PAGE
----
ALBANY, N.Y. (AP) — A New York state lawmaker is demanding a federal investigation into New York state's care for the disabled following a recent Associated Press story that revealed the case of a man infested with maggots in a state-run group home.Democratic Assemblyman Anthony Brindisi, of Utica, told the AP on Saturday that he is asking the U.S. Department of Health and Human Services to investigate the group home and other state-regulated facilities for the disabled where there have been allegations of abuse and neglect.A copy of the report was obtained by The Associated Press, which found that New York state is not alone in making it difficult for members of the public to access records about allegations of abuse and neglect in state-regulated facilities for the disabled.
NYS Entity Status
NYS Filing Date
MARCH 07, 2013
NYS DOS ID#
NYS Entity Type
DOMESTIC NOT-FOR-PROFIT CORPORATION
2013 - HEALTH ACCESS ADVOCACY INCORPORATED
AROUND THE WEB
- Lawmaker seeks probe after AP reveals maggots in NY facility
By DAVID KLEPPER, Associated Press - Saturday Aug 12, 2017
- New York eyes 'textalyzer' to bust drivers using phones
By DAVID KLEPPER, Associated Press - Wednesday Jul 26, 2017
ALBANY, N.Y. (AP) — Police in New York state may soon have a high-tech way of catching texting drivers: a device known as a "textalyzer" that allows an officer to quickly check if a phone has been in use before a crash."Despite laws to ban cellphone use while driving, some motorists still continue to insist on texting behind the wheel — placing themselves and others at substantial risk," Cuomo said in a statement first reported by The Associated Press.Digital privacy and civil liberties groups already have questioned whether the technology's use would violate personal privacy, noting that police can already obtain search warrants if they believe information on a private phone could be useful in a prosecution.Many security experts are skeptical when it comes to promises that the textalyzer would only access information about phone usage, and not personal material, according to Rainey Reitman, of the Electronic Frontier Foundation, a nonprofit organization that advocates for civil liberties when it comes to digital technology.The committee will hear from supporters and opponents of the technology, law enforcement officials and legal experts before issuing a report, Cuomo's office said.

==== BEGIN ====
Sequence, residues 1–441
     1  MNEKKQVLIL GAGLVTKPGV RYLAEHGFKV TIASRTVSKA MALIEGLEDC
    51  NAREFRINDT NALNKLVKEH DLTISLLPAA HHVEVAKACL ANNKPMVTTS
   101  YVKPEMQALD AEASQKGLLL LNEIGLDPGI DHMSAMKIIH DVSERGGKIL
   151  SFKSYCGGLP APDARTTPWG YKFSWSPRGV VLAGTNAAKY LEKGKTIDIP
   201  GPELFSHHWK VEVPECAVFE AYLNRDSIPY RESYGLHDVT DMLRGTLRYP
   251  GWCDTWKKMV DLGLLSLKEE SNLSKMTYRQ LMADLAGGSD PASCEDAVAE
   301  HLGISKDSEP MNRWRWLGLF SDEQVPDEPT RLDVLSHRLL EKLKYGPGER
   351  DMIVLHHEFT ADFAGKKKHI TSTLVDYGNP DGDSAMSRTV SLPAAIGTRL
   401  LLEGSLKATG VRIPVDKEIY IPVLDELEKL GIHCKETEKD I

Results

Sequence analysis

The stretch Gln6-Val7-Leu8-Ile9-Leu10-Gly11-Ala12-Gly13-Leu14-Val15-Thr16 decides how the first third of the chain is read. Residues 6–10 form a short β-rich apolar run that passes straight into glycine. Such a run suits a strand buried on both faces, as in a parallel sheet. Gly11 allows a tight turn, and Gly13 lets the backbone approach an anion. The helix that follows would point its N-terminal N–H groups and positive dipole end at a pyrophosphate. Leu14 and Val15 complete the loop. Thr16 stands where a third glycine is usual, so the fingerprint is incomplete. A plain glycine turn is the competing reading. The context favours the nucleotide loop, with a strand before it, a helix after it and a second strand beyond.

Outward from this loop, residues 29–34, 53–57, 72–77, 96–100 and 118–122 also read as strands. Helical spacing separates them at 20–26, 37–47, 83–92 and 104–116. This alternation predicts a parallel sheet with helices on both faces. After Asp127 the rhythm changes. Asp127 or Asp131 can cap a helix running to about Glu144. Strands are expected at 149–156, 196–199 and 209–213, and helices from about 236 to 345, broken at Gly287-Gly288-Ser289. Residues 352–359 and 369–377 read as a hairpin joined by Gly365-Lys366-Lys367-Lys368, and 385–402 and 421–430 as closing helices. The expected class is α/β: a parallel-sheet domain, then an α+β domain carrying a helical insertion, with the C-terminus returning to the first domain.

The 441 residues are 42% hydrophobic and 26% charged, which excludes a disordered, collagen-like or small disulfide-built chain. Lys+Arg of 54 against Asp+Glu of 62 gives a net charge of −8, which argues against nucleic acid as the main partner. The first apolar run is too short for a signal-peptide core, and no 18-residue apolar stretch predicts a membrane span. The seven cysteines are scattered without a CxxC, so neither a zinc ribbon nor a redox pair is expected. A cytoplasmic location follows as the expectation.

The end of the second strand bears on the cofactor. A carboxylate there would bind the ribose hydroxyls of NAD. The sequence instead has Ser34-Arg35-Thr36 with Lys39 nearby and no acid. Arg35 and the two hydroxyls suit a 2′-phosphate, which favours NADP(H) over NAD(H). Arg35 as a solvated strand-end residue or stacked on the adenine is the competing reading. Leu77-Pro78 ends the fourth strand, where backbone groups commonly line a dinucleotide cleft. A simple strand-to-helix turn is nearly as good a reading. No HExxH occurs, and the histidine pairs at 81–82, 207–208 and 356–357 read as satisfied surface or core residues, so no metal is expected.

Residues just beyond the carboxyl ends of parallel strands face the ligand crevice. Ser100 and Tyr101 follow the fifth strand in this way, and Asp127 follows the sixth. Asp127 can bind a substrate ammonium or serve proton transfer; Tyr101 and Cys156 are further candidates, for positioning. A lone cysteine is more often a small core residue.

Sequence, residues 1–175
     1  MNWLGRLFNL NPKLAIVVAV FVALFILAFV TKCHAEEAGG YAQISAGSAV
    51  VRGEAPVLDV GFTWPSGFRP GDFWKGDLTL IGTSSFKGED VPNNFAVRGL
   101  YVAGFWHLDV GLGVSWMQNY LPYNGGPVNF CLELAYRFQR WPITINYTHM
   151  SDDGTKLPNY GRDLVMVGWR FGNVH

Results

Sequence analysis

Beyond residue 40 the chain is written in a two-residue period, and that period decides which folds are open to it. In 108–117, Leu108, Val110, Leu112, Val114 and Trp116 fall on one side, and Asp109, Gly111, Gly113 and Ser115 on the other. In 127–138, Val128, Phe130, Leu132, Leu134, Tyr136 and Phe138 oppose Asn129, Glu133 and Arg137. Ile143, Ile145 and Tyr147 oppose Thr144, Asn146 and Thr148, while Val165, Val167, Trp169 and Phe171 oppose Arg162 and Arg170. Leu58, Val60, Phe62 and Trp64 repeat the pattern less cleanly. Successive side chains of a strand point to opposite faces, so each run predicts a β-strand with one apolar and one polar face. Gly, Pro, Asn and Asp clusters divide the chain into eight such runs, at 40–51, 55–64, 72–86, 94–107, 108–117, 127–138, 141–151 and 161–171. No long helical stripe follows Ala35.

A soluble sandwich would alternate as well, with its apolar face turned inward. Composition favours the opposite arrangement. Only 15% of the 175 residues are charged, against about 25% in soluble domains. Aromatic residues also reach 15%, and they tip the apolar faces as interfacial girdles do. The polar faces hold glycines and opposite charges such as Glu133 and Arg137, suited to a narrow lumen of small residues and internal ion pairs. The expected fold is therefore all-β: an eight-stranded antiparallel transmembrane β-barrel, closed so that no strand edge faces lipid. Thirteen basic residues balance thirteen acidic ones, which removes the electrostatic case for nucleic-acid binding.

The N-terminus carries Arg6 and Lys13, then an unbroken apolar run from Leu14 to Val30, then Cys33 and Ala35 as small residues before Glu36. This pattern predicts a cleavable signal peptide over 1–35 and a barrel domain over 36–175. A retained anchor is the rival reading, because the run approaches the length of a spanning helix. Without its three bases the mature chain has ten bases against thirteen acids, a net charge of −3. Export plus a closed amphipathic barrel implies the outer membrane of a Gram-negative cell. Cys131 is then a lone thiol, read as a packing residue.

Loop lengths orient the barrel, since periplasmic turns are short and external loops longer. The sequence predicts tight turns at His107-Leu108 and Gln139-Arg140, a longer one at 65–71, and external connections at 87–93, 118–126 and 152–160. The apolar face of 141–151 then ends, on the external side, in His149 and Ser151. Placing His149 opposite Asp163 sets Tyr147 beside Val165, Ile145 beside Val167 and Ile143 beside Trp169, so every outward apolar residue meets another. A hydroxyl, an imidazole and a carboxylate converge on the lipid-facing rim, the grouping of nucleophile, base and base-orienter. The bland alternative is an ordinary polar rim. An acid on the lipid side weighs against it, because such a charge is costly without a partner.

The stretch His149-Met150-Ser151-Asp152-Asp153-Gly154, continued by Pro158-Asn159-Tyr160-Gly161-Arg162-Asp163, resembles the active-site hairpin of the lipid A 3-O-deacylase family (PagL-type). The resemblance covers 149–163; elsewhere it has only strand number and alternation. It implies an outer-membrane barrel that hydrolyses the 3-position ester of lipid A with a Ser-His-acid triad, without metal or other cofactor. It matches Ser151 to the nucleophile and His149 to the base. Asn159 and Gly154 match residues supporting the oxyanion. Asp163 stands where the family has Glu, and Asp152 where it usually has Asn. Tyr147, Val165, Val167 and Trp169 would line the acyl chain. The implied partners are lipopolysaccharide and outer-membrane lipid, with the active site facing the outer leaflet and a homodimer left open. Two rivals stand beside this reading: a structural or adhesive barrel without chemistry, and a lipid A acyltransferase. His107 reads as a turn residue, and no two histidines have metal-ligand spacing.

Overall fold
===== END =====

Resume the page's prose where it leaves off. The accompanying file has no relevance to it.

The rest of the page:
- 'Junk Insurance' vs. 'Junk News' at the NY Times
Monday Jul 17, 2017
Why is “choice” in matters of one’s personal health suddenly a bad thing?
- Trump administration pulls health law help in 18 cities
By CARLA K. JOHNSON, AP Medical Writer - Thursday Jul 20, 2017
CHICAGO (AP) — President Donald Trump's administration has ended Affordable Care Act contracts that brought assistance into libraries, businesses and urban neighborhoods in 18 cities, meaning shoppers on the insurance exchanges will have fewer places to turn for help signing up for coverage.[...] insurers and advocates are concerned that the administration could further destabilize the marketplaces where people shop for coverage by not promoting them or not enforcing the mandate compelling people to get coverage."There's a clear pattern of the administration trying to undermine and sabotage the Affordable Care Act," said Elizabeth Hagan, associate director of coverage initiatives for the liberal advocacy group Families USA.Two companies — McLean, Virginia-based Cognosante LLC and Falls Church, Virginia-based CSRA Inc. — will no longer help with the sign-ups following a decision by Centers for Medicare and Medicaid Services officials not to renew a final option year of the vendors' contracts.The insurance exchanges, accessed by customers through the federal HealthCare.gov or state-run sites, are a way for people to compare and shop for insurance coverage.The health law included grant money for community organizations to train people to help consumers apply for coverage, answer questions and explain differences between the insurance policies offered.
- A Handmaid’s Tale of Protest
By CHRISTINE HAUSER - Friday Jun 30, 2017
In state capitals and street protests, women’s rights activists have been wearing red robes and white bonnets based on “The Handmaid's Tale,” the 1985 novel that is now a series on Hulu.
- Investing in Policy and Advocacy: A Foundation Shares Lessons Learned
By Jason Schneiderman - Thursday Jul 20, 2017
In 2012, the Foundation for a Healthy Kentucky launched a six-year initiative addressing four broad health-policy areas. This article presents the foundation’s strategies and the challenges it faced during a time of a rapidly changing policy landscape.